TWA Flight Center’s Design and Vision
The Trans World Flight Center or commonly known as TWA Flight Center was built in early days of travelling through airlines, which opened in 1962 as the original terminal designed by architect Eero Saarinen. The terminal was designed for Trans World Airlines at John F. Kennedy International Airport (JFK Airport) in New York City. The TWA terminal is a remarkable example of technological transformations that were an outcome of Second World War. When Saarinen has handled the responsibility of designing the center in 1956, the authorities wanted the building to capture and represent the “essence of traveling through flights”.
The architect’s original design featured a wing-shaped roof above the main terminal used curves in corridor spaces that merged into each other. All the elements of terminals including the roof and space were made to be of matching nature so that the passengers passing through would feel as each part arises from the another.
The terminal was designed and built it spacious with minimal of material. Saarinen needed more time to solve some issues with the designed, and so convinced his clients to give him an another year. The construction of terminal completed on May 28, 1962, a year after the architect died, due to a brain tumour.
Structure and Material used
The Trans World Airlines Flight Center structure consists of a layer of concrete, with four segments that extend in an outward direction. Apart from concrete, the structure is supported by a web of steel, reinforced within the concrete. The glass panels below the thin-shell concrete roof are supported by steel.
The glass walls are intended to make the viewers feel, as they are looking out of a plane window. These glass panels also serve the purpose of the structure providing the view of aircraft as they arrive and departs.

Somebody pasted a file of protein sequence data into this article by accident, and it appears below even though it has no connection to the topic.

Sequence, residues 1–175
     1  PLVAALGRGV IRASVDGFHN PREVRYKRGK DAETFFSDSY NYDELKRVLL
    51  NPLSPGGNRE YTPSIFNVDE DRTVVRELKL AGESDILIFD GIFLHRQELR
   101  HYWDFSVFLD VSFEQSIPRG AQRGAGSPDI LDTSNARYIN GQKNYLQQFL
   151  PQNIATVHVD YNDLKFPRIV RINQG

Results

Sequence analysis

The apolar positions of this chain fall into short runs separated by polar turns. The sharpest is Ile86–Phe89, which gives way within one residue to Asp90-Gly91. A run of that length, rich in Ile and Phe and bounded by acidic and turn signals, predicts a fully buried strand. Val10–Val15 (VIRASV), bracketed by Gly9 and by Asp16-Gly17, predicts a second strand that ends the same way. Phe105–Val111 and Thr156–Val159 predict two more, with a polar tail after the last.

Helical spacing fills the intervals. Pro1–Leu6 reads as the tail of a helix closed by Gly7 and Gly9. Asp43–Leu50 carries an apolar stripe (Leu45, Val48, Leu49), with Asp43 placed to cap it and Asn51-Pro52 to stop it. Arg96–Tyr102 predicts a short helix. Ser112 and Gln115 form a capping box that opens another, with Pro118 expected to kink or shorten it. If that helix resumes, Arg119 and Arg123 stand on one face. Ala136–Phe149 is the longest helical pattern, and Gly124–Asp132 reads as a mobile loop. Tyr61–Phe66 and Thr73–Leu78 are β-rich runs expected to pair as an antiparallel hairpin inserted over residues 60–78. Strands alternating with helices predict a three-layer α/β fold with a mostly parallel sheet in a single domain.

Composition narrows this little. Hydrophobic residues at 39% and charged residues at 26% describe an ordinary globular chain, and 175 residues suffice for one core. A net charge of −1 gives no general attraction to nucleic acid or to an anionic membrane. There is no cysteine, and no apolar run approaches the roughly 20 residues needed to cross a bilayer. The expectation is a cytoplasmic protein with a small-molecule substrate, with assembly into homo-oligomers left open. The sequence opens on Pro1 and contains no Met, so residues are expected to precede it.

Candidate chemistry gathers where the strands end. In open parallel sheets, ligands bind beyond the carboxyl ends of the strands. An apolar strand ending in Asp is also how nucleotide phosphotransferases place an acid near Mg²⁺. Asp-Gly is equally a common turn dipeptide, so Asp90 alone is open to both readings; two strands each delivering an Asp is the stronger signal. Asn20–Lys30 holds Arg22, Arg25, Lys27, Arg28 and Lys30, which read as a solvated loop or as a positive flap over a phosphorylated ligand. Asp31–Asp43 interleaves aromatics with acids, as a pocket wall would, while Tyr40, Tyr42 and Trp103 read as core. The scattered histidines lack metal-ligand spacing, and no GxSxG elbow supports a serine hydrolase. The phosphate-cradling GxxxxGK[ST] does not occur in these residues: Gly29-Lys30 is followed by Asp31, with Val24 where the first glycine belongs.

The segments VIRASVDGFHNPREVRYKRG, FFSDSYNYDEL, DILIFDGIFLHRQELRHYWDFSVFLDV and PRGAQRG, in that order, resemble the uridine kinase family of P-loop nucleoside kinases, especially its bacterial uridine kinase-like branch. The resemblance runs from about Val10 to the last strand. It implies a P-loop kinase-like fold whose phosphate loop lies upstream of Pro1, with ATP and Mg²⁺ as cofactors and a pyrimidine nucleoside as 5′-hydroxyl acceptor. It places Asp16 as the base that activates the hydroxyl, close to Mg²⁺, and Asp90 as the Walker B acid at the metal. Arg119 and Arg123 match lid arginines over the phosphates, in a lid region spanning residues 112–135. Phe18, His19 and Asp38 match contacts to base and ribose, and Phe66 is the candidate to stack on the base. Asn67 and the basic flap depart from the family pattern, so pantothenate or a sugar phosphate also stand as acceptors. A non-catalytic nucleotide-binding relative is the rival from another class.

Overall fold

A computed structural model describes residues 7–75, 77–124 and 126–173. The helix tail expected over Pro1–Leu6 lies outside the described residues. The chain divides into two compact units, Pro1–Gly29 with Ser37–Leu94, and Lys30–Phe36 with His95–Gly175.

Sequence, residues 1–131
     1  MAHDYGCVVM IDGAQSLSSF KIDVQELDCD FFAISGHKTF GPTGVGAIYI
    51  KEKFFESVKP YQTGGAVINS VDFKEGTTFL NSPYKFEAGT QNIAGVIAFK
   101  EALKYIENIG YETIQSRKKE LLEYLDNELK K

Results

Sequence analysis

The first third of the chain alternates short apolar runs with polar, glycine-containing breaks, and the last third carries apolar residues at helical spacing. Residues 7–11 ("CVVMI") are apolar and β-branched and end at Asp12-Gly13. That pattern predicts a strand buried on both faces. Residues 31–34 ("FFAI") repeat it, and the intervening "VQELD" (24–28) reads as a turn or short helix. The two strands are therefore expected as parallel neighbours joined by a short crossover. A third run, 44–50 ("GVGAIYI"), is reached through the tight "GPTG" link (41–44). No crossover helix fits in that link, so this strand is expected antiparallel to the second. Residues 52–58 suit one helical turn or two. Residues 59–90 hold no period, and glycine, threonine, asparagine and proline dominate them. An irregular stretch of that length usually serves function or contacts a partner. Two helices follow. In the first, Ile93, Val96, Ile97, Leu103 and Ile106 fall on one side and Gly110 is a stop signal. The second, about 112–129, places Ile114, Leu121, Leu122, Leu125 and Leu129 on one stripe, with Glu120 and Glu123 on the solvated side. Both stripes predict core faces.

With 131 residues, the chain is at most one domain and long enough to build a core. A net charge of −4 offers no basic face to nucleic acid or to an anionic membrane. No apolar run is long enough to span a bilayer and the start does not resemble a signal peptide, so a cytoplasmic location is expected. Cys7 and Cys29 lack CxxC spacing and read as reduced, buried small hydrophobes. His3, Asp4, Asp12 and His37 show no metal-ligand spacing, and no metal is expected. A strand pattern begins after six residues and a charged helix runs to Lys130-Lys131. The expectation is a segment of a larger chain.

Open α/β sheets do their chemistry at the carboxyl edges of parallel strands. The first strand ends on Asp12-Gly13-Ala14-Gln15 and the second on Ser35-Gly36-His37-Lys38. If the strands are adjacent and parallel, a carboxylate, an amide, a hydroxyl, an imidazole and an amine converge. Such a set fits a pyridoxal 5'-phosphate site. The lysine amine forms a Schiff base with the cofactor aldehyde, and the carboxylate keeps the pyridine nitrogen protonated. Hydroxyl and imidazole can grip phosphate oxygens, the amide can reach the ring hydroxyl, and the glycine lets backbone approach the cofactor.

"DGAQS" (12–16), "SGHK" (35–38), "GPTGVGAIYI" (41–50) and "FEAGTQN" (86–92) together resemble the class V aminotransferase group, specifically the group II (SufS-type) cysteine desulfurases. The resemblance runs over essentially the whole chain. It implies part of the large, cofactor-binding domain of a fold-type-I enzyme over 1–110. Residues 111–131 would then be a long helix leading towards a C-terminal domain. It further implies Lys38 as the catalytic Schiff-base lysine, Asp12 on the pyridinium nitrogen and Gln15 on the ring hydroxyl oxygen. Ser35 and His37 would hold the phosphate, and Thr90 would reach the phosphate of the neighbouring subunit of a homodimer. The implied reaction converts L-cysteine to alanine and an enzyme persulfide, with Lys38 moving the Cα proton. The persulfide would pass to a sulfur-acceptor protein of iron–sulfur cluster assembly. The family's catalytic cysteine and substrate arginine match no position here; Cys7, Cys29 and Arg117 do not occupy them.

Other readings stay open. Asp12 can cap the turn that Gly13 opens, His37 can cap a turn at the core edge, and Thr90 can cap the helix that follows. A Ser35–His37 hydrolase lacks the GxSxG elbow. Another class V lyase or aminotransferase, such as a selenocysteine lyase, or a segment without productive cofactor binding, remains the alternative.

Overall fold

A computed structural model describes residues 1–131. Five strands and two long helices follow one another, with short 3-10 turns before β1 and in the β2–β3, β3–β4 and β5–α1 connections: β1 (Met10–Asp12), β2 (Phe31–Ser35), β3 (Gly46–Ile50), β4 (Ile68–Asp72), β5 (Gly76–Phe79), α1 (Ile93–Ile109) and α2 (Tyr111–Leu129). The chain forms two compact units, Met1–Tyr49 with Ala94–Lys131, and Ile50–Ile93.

Concourse and Lounge Addition
Saarinen died in 1961 of brain tumor, a year before the completion of this dreamy structure. A new departure-arrival concourse and lounge were added to the structure seven years later after the completion of the terminal. The terminals at JFK International Airport were designed with a vision of having separate terminals for different airlines. However, this did not help them financially and was forced to be shut down in 2001.
In 1994, the TWA Terminal became a Landmark, officially announced by the Landmarks Preservation Commission. It also got a place in National Register of Historic Places in 2005.
JetBlue Terminal 5 Construction
In December 2005, the construction of a new terminal for JetBlue Airways in JFK International Airport was commenced by the Port Authority of New York and New Jersey. The terminal was completed in 2008 and partially encircles the TWA terminal designed by Saarinen. The Terminal 5 or T5 after the completion reopened on October 22, 2008. This new terminal occupies an area of 55,000 sq-foot. The terminal provides free wi-fi access with 22 food and 35 retail stores.
Due to the ageing of the structure of TWA terminal, it was hard to get it renovated and it remained closed for the public-access. There were proposals of turning the terminal into an aviation museum or a restaurant, which were discarded looking at the situation of the structure.
Even so, the TWA Terminal designed by Saarinen will be remembered in the American economy and architectural history. The structure was a neo-futuristic interaction between the engineering and architecture.